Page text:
Most Cybersecurity Professionals Want to Quit but Often Don’t

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One could assume that given the chronic shortage of cybersecurity professionals that organizations large and small face there would be a maniacal focus on retaining individuals with these critical skills. But a survey of over 9,000 IT security professionals published this week by Mondo, a staffing agency, a full 60 percent of respondents reports they are looking to leave their job.

A lack of growth opportunities and job satisfaction are tied as the top reasons to leave a job, followed by unhealthy work environment, lack of IT security prioritization from C-level or upper management, unclear job expectations, and lack of mentorship.

'In an ideal world, there would be a two-track path for advancement that would allow #cybersecurity professionals to earn more money without having to move into the ranks of management.' ~ @mvizardClick To Tweet

Now those issues are always a factor when it comes to retaining any employee, and given the fact that recruiters are constantly trying to lure cybersecurity professionals with higher paying job offers, it’s safe to assume the phrase “growth opportunities” in part at least is a euphemism for money. It’s hard in most organizations to get a decent raise without some level of promotion being involved. But there are only so many senior manager spots available, and not every cybersecurity professional, no matter how talented, is cut out to be a manager. In an ideal world, there would be a two-track path for advancement that would allow cybersecurity professionals to earn more money without having to move into the ranks of management. But not enough organizations are that enlightened.

The survey finds that when it comes to retaining cybersecurity talent issues such as work-life balance (67%), having security concerns taken seriously (55%), and increased sponsorship of certifications/courses (48%), increased investment in emerging tech (34%) and CISO leadership/defined ownership of security needs (31%) are all significant factors when it comes time to convince cybersecurity professionals to stay longer in a job.

'The cost of a single #cybersecurity breach often exceeds what a small-to-medium business (SMB) invests in cybersecurity on an annual basis.' ~@mvizard @Mondo_agents Click To Tweet

Of course, not every organization has leaders that take cybersecurity seriously enough to appoint of CISO or, for that matter, invests the right amount of money in cybersecurity. Smaller companies are always going to have budget limitations. The sad fact is that the cost of a single cybersecurity breach often exceeds what a small-to-medium business (SMB) invests in cybersecurity on an annual basis.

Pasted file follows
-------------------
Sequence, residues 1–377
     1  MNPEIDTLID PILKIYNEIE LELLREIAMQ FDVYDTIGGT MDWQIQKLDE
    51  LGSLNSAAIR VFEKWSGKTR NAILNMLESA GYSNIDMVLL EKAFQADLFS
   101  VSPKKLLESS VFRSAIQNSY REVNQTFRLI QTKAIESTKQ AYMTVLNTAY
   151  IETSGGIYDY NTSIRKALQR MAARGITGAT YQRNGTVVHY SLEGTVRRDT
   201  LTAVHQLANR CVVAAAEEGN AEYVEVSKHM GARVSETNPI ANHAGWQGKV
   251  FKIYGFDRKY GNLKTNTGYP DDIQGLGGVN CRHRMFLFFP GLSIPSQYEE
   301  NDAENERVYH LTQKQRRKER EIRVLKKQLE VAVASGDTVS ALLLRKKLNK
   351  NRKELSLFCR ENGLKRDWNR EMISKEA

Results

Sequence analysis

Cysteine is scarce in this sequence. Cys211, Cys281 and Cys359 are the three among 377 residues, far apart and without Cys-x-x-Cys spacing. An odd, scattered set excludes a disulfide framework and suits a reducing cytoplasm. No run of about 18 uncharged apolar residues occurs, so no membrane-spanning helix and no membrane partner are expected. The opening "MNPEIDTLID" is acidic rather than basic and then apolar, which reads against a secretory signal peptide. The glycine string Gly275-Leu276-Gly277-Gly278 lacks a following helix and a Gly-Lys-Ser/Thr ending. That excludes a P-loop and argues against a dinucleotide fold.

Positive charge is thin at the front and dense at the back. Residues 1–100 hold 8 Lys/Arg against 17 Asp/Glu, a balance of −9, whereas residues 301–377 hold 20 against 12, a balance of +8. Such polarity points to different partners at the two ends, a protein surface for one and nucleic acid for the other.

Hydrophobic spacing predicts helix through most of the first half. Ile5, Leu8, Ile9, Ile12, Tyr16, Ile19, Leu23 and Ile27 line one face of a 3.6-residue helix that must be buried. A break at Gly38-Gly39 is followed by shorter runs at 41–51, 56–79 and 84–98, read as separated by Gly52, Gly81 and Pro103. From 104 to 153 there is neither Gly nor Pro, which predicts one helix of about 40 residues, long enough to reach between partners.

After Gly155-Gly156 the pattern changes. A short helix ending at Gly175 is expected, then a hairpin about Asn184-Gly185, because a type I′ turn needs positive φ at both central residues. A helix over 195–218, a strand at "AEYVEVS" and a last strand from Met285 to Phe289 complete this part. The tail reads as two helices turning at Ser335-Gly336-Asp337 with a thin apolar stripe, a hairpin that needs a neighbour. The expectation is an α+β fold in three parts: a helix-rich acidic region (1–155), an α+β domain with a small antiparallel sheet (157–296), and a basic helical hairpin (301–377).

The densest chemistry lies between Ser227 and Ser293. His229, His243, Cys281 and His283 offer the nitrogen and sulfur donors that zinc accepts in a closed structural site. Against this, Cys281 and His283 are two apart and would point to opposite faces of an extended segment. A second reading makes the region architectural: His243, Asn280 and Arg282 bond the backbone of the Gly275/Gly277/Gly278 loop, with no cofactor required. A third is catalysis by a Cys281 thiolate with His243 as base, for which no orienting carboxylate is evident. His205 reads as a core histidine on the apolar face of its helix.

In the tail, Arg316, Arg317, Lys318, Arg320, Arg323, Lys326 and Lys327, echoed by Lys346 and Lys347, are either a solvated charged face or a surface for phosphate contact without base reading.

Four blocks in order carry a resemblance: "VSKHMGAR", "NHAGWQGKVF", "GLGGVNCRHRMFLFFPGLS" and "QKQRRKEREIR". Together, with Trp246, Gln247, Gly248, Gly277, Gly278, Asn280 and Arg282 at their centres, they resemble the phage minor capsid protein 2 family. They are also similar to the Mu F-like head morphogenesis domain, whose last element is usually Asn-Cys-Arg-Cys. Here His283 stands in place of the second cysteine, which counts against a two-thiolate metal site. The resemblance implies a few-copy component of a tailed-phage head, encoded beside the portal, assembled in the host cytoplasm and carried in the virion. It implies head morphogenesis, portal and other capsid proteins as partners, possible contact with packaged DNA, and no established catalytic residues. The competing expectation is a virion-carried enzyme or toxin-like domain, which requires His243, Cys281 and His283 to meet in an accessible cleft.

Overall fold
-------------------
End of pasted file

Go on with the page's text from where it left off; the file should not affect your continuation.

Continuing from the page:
Cybersecuriy professionals face a constant stream of new threats, plus ongoing risky behaviors of coworkers. The stress is taking its toll on employees. @mvizardClick To Tweet

Cybersecurity professionals generally want the same things that most employees crave. The difference is the amount of inherent stress that comes with the job. Not only is there a constant stream of threats that need to be thwarted, but employees are also constantly engaging in behaviors that make it more challenging than it necessarily should be for cybersecurity professionals to succeed. A cybersecurity breach may not be the fault of the cybersecurity team, but every security breach takes its toll on morale.

Most of all, the most skilled cybersecurity professionals want to work for organizations that value their efforts. Unfortunately, 84% of IT security decision-makers that participated in the survey admitted their company could be more secure. The rank and file cybersecurity professionals participating in the survey ranked information security, network/infrastructure security, application security, and cloud security as being the areas of most concern going into 2019. The number of organizations that have all four of those areas of cybersecurity under control are very few and far between.

Of course, that’s also why many cybersecurity professionals ultimately decide to stay where they are. The next organization they may work for isn’t likely to pay any more attention to cybersecurity than the one they work for now, and the cybersecurity weaknesses of that organization amount to at the very least being the devil they already know best.

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